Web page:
Deputy House Speaker Pro Tem Robert Godfrey, a Danbury Democrat who is among the longest-serving legislators, said Lamont is in a difficult position.

“Expectations are high, and I think they are a little too high,” Godfrey said.

Part of that expectation comes with a more liberal legislature. Democrats picked up 12 seats in the state House and five seats in the state Senate. Two of the most conservative Democrats in the Senate, Paul Doyle of Wethersfield and Gayle Slossberg of Milford, retired. And in the House, half of the 92 Democrats will be part of the legislature’s Progressive Caucus.

Rep. Josh Elliott, a Hamden Democrat who is among the legislature’s most liberal members and is a leader of the Progressive Caucus, said Lamont did not promise lavish spending during the campaign.

“In terms of broad programs that he was going to dump money into, I haven’t heard a list of investments,” Elliott said. “I’ve heard no promises yet. ... Because he made very few campaign promises, he does have flexibility.”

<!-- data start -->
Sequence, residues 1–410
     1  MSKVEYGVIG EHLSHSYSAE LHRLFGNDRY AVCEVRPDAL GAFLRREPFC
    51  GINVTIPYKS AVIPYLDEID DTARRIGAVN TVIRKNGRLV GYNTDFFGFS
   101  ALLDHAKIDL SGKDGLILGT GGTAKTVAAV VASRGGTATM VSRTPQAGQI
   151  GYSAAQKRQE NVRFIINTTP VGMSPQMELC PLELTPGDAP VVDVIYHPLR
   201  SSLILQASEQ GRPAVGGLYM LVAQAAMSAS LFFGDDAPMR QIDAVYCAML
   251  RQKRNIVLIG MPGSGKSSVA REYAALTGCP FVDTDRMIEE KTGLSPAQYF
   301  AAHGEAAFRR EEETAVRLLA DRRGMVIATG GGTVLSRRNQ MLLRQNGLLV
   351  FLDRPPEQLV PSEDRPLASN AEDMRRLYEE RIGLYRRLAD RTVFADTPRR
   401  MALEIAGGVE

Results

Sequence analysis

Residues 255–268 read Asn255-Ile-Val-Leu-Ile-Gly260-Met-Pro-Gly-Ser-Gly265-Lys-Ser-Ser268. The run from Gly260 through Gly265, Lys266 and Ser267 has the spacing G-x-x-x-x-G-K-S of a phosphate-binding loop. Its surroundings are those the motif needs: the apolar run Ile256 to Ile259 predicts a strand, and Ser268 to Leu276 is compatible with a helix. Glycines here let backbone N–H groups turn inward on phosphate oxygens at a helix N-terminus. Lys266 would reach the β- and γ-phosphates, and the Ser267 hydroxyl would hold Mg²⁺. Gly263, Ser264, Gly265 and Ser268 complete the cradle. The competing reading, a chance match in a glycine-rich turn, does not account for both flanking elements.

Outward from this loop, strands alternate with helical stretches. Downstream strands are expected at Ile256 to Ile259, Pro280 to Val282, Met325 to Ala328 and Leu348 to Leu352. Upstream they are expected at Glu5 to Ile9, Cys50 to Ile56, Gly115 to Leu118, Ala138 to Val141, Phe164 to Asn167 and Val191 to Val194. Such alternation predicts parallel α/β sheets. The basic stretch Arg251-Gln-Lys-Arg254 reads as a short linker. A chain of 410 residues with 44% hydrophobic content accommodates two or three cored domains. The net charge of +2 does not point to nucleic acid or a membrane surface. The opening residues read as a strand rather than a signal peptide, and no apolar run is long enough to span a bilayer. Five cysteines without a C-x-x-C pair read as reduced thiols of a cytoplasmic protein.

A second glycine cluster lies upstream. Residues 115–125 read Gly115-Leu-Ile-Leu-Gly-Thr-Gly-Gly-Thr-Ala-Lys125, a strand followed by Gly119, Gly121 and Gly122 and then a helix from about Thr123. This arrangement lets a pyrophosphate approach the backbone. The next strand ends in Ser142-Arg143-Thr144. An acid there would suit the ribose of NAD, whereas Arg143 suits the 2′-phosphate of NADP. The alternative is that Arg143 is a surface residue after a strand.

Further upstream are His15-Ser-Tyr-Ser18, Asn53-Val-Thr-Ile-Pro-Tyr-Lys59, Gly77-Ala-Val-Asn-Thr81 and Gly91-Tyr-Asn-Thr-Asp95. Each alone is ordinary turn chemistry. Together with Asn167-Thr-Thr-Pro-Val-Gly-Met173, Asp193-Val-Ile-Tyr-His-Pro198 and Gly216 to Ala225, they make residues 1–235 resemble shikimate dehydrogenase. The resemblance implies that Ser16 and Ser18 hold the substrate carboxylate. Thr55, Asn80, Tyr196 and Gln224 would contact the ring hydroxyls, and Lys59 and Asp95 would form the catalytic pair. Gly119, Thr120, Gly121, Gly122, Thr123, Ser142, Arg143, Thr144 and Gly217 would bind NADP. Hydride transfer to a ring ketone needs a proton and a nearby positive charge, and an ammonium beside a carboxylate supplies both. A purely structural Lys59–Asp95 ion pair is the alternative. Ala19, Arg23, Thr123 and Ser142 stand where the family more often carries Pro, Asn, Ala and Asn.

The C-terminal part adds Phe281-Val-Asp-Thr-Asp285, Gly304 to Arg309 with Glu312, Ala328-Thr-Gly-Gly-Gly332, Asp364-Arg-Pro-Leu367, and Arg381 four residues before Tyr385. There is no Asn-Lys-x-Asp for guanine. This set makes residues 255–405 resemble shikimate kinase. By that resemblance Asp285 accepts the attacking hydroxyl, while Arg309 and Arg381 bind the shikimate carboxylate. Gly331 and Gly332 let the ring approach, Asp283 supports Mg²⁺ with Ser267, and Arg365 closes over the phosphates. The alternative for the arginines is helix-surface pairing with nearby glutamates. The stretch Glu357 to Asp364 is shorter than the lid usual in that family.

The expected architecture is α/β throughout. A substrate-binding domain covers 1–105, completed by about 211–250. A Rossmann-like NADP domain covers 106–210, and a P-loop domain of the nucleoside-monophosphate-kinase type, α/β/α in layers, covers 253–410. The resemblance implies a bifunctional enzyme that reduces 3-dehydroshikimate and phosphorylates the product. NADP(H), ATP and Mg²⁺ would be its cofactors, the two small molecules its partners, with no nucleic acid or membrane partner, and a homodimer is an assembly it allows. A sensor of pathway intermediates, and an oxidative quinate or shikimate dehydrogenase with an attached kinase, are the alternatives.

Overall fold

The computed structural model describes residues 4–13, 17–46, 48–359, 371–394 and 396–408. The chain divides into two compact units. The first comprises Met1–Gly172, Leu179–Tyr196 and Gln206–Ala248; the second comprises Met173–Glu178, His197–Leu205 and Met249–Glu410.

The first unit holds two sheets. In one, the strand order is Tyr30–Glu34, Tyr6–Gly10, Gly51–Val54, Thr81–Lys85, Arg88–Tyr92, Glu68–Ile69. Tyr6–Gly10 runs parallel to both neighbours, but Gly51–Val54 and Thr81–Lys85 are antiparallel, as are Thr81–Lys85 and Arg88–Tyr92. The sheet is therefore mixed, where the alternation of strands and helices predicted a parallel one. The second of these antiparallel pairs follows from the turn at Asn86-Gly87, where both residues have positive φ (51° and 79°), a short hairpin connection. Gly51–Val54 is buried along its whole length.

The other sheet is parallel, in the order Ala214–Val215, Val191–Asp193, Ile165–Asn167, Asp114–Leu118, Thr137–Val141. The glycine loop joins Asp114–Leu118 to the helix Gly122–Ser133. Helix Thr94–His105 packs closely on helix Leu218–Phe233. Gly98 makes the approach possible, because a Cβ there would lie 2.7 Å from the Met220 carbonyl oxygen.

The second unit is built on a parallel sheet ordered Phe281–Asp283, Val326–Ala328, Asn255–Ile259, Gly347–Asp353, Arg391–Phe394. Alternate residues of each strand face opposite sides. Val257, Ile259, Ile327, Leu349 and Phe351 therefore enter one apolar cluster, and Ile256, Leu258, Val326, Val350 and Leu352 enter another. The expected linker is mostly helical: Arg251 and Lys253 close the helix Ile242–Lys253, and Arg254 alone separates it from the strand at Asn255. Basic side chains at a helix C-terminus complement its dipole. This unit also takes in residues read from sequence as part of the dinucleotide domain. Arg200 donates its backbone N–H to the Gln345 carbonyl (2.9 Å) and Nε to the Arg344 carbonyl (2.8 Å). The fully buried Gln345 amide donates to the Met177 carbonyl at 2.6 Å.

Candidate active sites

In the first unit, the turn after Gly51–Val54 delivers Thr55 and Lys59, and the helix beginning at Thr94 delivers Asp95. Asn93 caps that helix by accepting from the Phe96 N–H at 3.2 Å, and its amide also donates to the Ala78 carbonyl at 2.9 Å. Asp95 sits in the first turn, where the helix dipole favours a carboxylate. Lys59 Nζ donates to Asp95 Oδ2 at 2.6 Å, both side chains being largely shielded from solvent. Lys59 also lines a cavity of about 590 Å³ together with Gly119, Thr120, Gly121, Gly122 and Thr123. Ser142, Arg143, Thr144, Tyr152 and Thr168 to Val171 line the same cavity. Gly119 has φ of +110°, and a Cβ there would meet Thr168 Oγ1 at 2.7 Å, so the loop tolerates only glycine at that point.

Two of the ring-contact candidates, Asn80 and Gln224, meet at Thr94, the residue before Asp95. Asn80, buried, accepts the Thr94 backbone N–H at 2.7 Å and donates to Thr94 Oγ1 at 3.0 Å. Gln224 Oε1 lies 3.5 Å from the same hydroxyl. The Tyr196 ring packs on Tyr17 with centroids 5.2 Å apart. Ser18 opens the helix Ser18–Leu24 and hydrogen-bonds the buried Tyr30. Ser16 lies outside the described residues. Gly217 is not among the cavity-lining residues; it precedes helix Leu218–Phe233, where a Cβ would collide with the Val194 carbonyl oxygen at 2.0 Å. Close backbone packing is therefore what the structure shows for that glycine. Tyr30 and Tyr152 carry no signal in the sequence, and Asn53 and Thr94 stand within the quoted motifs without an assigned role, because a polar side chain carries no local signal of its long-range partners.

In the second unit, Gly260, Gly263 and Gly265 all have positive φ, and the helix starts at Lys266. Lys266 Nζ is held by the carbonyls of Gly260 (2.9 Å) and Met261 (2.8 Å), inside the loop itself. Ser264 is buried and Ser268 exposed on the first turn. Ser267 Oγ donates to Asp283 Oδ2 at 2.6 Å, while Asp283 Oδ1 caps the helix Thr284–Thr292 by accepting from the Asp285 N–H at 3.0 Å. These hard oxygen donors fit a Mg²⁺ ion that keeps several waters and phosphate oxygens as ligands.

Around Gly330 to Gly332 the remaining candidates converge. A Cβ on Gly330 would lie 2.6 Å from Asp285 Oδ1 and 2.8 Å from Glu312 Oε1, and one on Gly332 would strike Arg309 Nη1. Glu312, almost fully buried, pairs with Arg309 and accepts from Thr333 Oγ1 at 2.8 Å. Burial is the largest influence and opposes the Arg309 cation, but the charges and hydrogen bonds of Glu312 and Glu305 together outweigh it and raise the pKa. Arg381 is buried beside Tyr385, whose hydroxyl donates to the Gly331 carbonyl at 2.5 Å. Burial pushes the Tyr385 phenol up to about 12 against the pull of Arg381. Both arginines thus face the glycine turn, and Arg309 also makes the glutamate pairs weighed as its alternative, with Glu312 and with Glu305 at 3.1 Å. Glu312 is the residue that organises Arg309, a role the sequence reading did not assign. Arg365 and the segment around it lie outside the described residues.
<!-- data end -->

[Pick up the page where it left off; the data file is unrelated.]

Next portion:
Elliott wants to increase taxes on the rich in order to help fund social programs. Lamont, though, has said repeatedly that he does not want to raise the rates on the income tax, which generates about half of the state’s revenue. Elliott said Lamont’s status as a multimillionaire impacts his thinking.

“He’s not necessarily in daily contact with people who are making $50,000 or less and having a hard time,” Elliott said. “That’s not his social circle. It’s not his day-to-day reality. He’s been very clear that he doesn’t want to punish success through our system of taxation.”

While Lamont may not have promised any major new programs, some of the committees advising him during his transition have recommended big-ticket items, like free tuition at community colleges, which would cost an estimated $48 million per year.

The committees also recommended increasing the state minimum wage to $15 per hour by 2023 and establishing paid family and medical leave, both of which would cost tens of millions of dollars.